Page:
After poring over the trial transcripts and evidence, Schaffer confirmed that the erroneous jury instructions had caused Lewelling’s wrongful conviction. Schaffer was the primary author of a scholarly and persuasive brief that we filed in the California Court of Appeal. When we appeared for oral argument at the majestic Earl Warren Building, it was clear that the learned justices were not impressed with Gascon’s attempt to create what essentially was a new law.

On October 17, 2017, the Court of Appeal issued a published decision reversing Lewelling’s conviction: “That this was a close case is also shown by the fact that the jurors rejected the false reporting and perjury counts, which were based on the prosecution’s theory that, contrary to the assertions in defendant’s report, ‘Campbell’ never threatened defendant with his cane or told defendant ‘I’ll fuck you up if you touch me.’ In light of these acquittals, there is reason to believe the jurors concluded ‘Campbell’ did threaten defendant with his cane and with physical violence. Those facts further support both experts’ conclusion that defendant’s conduct after the initial detention was reasonable, which means the jurors must have relied on the prosecution’s invalid theory of unlawful detention to convict defendant under section 149.”

Déjà Vu All Over Again

Given the clear opinion from the Court of Appeal, we assumed that there was no chance that the DA would refile charges against Lewelling. And we were correct — sort of.

Gascon wanted to save face, so he tried to take a shortcut. Instead of retrying a felony that he couldn’t win without his now-discredited theory of criminal liability for cops, he figured he could stick a misdemeanor conviction on Lewelling. Remember that simple assault charge that was dismissed by the original trial court? Gascon did. He petitioned the court to reinstate it, over our strenuous objection. The problem was that the simple assault allegation suffered from the same legal defects as did the assault under color of authority charge.

Back to the Court of Appeal we went. The justices were not amused, to put it mildly. They issued a scathing opinion, writing they were “dumbfounded” by the prosecution’s arguments in this case and reversing the simple assault.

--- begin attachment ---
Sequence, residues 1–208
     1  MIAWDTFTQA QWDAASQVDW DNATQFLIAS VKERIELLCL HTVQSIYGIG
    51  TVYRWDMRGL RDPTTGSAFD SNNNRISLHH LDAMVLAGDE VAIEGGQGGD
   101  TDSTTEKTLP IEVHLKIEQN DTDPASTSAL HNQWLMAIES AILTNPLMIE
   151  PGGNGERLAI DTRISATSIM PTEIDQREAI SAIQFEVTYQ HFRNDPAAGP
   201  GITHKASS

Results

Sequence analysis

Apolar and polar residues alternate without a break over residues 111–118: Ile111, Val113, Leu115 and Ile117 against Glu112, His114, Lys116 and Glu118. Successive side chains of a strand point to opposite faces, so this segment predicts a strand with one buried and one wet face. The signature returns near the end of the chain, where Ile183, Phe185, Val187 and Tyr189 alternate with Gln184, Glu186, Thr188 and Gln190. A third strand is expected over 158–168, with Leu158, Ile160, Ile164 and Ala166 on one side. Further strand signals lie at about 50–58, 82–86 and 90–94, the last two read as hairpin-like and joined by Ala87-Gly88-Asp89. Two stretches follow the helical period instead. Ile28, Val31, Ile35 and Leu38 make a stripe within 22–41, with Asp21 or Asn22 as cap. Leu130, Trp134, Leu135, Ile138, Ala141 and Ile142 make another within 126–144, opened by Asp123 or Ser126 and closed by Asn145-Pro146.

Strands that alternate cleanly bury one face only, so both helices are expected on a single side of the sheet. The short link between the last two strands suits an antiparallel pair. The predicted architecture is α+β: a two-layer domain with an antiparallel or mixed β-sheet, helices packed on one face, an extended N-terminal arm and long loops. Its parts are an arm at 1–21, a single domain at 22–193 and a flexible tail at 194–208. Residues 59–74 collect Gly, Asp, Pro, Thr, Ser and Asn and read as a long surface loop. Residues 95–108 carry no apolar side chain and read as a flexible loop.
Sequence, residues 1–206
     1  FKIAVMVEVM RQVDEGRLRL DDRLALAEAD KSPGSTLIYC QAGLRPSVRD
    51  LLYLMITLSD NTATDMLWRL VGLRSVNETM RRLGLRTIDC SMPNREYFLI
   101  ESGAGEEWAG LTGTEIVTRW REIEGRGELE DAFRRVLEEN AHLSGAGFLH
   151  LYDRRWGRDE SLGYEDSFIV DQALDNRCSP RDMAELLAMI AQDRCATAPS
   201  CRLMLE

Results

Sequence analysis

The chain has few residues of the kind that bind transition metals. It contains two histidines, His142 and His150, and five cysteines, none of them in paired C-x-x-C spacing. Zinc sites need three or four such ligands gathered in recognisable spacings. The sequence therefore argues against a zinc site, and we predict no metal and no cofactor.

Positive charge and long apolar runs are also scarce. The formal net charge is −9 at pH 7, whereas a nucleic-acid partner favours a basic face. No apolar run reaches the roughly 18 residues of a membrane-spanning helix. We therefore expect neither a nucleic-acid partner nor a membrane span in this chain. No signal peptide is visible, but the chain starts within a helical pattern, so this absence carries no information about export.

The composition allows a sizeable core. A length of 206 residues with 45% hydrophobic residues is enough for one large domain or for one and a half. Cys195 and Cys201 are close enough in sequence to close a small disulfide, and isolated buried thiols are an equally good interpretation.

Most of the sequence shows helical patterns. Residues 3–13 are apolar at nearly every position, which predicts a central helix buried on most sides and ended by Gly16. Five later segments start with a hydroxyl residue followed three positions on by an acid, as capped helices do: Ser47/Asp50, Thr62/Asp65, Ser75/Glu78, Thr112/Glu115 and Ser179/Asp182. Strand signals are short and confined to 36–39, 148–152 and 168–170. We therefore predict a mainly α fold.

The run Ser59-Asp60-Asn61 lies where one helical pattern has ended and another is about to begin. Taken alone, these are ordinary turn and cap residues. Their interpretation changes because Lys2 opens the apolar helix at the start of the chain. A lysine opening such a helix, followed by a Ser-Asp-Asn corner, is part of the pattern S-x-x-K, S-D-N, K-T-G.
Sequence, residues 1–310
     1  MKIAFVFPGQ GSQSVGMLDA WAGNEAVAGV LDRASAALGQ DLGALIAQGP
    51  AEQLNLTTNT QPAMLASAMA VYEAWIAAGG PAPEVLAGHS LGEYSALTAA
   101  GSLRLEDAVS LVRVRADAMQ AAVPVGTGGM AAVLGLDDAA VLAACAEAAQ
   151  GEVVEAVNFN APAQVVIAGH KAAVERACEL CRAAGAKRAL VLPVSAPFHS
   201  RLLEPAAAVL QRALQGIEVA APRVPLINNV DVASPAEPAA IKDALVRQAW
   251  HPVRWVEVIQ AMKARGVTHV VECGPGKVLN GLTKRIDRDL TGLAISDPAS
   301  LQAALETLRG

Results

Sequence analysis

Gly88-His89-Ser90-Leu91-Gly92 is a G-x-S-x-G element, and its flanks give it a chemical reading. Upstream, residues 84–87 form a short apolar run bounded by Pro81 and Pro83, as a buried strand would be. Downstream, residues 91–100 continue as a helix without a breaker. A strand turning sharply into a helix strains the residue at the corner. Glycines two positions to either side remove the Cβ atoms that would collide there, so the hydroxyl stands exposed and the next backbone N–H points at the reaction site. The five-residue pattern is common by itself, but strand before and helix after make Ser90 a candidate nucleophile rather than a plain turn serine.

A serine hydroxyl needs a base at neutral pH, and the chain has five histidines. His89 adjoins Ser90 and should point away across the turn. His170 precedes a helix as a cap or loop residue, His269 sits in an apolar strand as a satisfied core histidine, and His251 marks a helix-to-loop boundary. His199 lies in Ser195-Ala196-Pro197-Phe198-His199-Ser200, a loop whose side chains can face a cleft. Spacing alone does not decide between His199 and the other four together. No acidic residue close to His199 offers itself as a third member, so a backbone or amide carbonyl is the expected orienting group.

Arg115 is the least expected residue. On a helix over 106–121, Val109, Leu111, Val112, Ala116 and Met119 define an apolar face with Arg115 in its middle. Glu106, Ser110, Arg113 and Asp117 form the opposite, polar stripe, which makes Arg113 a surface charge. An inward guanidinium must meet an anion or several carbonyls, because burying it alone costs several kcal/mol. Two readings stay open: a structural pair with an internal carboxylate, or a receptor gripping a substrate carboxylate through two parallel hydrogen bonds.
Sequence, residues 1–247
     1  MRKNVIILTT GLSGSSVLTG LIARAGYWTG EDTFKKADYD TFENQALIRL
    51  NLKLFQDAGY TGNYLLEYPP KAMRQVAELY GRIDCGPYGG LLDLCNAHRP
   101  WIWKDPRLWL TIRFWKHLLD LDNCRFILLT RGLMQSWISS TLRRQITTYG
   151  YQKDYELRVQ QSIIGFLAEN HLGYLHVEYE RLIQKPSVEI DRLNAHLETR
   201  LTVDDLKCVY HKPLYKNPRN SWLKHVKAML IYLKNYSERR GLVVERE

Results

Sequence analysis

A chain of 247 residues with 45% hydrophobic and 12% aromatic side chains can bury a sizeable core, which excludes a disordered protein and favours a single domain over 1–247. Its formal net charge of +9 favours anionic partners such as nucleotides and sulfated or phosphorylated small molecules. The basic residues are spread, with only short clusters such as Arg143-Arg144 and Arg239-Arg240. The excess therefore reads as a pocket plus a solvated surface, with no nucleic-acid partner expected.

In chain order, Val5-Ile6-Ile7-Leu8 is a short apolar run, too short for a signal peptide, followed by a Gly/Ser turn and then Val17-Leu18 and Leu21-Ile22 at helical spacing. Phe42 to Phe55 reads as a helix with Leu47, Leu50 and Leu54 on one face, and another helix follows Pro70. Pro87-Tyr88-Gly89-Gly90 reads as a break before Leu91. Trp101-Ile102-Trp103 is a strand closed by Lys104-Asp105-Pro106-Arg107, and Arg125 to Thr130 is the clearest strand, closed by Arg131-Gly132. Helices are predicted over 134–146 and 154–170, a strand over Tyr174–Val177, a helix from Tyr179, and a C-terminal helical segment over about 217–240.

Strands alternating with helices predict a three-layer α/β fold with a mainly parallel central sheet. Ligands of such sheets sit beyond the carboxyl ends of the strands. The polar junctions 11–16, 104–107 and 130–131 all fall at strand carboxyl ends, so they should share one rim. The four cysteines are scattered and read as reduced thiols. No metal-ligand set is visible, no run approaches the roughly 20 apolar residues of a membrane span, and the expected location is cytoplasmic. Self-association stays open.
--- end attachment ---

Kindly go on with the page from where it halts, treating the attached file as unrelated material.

Once again, we returned to San Francisco court, expecting perhaps an apology but certainly a dismissal. Not so fast. We were forced to file motions to limit evidence and a comprehensive discharge of the conviction in the interest of justice before the DA’s Office finally did the right thing. By this time, Gascon had announced that he wasn’t seeking re-election. We have since learned that Gascon aspires to be the Los Angeles district attorney. Good luck with that.

At long last, Mike Lewelling was a free man. He was beyond ecstatic. His ordeal had taken nearly five years and taken a huge toll on him and his family. Lewelling had also won an extremely important victory for cops throughout the state in the form of a powerful Court of Appeal decision. If Gascon had been successful in his attempt to criminalize basic police work, every pedestrian or traffic stop could have led to a felony charge against the officer. The effect on the public’s safety would have been devastating. Lewelling expressed his tremendous gratitude for the support of the PORAC Legal Defense Fund, which in his case included a criminal trial, expert witnesses, investigators and two successful trips to the Court of Appeal.

About the Author
Harry S. Stern is a trial attorney and the managing principal at Rains Lucia Stern St. Phalle & Silver, PC. Mr. Stern’s practice is focused on civil litigation and criminal defense. He regularly represents peace officers in internal investigations, administrative hearings, coroner’s inquests, grand jury proceedings and related court actions.